Tips to reduce salt in your diet

It is always recommended to use less salt in food. This advice is for you and for patients with high blood pressure. What he does not realize is that if he eats more salt, then he is inviting many such serious diseases. Salt helps soak the water in your body, which places a greater burden on your heart and blood vessels. Not only this, it can increase the risk of bowel cancer, kidney disease, kidney stones, headaches and swelling and weight gain in the body. Start eating less salt in your meal today. With the help of these special tips, it can be easy to reduce the use of salt.

Read the labels

First, you should read food labels regularly. When buying processed foods such as chips or other snacks, read the nutritional value on the label. It is recommended to keep salt intake below 2,300 mg or less per day. Look for 'no added salt', which means no salt was added during processing, but the product is not necessarily salt free.

Use spices

Use spices to taste. Always keep chili flakes and black pepper powder on the table. Add them to your food for increased flavour. If a recipe calls for a pinch of salt, replace it with onion powder, garlic powder, black pepper, nutmeg, cumin, curry powder, ginger, coriander, bay leaves, green leaves of ajwain or dry mustard.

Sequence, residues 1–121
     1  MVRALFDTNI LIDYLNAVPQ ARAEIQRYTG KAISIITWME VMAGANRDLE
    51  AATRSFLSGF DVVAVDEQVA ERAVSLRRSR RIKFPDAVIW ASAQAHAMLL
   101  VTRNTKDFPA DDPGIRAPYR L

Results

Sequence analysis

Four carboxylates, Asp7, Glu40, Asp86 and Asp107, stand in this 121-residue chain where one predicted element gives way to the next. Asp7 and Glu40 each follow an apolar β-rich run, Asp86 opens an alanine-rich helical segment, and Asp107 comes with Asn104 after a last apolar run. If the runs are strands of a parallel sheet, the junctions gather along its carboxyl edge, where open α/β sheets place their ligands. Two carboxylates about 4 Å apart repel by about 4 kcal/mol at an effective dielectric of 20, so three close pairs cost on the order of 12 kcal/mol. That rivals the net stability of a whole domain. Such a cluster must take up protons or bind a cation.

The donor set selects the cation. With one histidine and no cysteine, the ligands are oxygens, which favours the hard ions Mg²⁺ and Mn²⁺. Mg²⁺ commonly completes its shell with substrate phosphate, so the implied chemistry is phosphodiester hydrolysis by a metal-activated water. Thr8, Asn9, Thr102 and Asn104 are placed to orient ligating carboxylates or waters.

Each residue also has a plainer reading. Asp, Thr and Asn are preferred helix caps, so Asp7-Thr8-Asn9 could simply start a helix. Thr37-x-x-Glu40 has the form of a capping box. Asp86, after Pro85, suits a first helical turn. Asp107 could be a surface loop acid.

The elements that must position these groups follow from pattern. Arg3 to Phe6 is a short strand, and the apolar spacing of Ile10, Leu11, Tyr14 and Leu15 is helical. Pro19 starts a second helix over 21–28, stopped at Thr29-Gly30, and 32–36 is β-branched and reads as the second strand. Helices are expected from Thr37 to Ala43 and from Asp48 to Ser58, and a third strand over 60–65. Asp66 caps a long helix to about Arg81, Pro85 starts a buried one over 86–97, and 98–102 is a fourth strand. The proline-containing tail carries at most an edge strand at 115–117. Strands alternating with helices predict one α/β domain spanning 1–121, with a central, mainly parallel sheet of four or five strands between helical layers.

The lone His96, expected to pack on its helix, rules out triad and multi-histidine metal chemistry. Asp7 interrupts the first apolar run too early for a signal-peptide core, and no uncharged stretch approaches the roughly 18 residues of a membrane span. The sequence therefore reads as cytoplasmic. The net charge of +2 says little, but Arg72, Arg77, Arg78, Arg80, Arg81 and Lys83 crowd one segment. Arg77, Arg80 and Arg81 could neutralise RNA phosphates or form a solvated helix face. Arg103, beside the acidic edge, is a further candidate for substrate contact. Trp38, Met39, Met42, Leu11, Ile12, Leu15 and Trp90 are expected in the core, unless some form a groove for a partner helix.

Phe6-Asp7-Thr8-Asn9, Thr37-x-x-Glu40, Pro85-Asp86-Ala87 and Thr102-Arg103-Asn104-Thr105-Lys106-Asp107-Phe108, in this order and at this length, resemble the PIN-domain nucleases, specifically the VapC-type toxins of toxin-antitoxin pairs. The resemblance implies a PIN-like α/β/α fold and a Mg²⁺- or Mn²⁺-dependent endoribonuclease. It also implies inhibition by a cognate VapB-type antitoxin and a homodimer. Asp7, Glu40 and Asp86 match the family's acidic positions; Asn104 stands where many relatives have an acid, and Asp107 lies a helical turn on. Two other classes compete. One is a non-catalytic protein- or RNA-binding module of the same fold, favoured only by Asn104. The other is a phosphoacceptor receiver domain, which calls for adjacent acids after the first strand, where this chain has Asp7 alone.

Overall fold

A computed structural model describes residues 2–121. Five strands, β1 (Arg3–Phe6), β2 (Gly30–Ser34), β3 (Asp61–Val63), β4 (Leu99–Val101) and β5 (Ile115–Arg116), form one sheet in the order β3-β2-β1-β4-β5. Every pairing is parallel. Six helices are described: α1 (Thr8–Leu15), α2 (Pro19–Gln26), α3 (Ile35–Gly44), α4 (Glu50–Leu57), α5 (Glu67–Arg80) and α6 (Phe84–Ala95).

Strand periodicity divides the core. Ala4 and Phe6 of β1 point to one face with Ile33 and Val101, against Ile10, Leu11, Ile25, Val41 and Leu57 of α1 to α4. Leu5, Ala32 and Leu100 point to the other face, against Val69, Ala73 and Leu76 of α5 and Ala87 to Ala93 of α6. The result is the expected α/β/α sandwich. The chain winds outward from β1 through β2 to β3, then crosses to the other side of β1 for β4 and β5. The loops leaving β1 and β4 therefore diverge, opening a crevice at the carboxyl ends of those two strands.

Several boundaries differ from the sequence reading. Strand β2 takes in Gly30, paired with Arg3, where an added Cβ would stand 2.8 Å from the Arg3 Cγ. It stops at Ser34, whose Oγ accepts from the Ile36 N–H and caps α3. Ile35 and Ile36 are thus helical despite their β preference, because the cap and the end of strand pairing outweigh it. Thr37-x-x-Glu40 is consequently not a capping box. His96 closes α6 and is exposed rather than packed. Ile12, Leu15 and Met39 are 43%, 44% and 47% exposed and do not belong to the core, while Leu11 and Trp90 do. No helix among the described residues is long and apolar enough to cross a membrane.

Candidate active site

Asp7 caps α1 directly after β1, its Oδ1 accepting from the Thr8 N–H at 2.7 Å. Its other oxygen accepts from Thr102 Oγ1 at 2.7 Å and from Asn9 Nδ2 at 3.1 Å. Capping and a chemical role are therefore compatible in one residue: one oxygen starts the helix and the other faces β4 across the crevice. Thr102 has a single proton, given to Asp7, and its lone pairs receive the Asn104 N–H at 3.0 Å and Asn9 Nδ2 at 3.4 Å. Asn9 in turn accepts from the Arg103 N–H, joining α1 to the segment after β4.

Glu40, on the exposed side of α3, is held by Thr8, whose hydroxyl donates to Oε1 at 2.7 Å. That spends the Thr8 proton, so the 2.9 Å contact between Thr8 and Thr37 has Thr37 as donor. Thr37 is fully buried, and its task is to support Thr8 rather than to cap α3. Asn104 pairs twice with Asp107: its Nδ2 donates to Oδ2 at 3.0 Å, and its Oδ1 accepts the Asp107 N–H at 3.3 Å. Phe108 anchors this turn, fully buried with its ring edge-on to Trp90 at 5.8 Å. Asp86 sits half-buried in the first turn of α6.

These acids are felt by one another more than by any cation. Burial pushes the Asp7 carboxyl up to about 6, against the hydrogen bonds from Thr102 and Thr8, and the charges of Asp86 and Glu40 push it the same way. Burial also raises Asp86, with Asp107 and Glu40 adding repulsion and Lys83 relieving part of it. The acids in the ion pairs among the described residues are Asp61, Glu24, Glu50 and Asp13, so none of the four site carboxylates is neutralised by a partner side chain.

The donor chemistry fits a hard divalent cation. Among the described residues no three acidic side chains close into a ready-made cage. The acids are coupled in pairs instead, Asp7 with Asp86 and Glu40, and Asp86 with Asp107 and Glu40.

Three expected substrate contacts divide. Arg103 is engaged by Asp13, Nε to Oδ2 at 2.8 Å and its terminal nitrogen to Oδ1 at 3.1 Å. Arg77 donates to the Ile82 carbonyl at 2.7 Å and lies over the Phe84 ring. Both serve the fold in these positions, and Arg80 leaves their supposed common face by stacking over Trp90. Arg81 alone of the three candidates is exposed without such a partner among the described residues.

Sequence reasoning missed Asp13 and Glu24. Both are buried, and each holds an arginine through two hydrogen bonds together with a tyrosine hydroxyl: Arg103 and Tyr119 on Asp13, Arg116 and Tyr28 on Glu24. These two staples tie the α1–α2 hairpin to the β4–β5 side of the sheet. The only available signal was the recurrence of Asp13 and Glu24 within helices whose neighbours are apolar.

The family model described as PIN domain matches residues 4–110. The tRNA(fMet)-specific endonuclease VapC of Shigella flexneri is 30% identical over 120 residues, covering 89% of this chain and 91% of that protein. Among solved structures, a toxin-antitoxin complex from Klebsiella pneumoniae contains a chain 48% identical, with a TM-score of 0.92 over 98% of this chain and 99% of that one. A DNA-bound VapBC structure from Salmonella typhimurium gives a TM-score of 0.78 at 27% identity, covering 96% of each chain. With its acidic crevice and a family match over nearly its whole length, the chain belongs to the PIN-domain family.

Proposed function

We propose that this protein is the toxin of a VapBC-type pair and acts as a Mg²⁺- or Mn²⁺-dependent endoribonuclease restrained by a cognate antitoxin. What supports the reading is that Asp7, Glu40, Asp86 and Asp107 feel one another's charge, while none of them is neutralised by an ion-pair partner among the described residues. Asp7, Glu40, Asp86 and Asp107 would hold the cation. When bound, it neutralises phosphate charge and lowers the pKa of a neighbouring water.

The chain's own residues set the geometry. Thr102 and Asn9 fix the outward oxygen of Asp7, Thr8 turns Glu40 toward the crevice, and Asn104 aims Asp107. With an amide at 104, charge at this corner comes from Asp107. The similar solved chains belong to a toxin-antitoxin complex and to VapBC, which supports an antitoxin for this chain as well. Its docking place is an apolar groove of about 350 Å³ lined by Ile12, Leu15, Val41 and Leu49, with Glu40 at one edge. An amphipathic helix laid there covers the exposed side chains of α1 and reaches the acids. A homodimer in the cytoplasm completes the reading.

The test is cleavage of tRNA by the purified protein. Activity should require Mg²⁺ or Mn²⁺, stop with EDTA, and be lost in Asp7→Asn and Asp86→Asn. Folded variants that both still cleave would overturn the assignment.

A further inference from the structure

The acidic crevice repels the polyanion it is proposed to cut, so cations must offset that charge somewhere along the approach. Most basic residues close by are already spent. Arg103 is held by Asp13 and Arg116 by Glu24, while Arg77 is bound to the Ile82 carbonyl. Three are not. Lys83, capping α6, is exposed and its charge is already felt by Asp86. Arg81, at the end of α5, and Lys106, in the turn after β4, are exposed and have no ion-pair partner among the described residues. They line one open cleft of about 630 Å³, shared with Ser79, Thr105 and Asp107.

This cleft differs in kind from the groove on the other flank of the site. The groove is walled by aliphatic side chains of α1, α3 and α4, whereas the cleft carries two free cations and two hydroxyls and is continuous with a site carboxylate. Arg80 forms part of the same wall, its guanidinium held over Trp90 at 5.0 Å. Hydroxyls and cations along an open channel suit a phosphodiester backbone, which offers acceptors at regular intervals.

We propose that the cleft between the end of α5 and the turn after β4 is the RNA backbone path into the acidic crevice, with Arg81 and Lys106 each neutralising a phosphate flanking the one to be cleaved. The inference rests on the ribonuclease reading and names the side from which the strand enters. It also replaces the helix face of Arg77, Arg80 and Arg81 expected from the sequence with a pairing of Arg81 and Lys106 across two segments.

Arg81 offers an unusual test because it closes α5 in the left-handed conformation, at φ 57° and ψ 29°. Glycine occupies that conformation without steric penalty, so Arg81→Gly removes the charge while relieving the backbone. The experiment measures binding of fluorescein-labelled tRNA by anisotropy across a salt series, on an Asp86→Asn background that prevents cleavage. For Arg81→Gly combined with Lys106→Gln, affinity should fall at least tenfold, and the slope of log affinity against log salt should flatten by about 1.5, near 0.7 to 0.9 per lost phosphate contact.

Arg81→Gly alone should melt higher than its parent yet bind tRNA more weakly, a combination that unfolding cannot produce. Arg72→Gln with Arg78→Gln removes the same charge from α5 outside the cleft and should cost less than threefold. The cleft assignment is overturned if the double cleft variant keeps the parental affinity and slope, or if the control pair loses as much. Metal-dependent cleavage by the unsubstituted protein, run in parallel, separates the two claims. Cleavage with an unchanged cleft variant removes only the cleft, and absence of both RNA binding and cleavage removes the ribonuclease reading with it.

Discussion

Use herbal salt


You can buy it in the market or do it yourself. Herbs such as coriander, parsley, mint, ajwain, green ajwain leaves and basil can be used to prepare it. Gomasio is a special sesame salt. To do this, mix 1 part of salt with 5 parts of roasted and ground sesame seeds. The Japanese use gomasio in their food to reduce the use of salt. They also use more ginger in their food.

Prepare your own food

Canned foods often have too much salt because salt is a preservative. Preparing your own food is the best way to control the amount of sodium in the food.

Avoid packaged foods.

In addition, you should buy fresh meat, fruits and vegetables. Control your salt intake by avoiding packaged and processed foods, such as canned meats, poultry, beans, peaches, etc.

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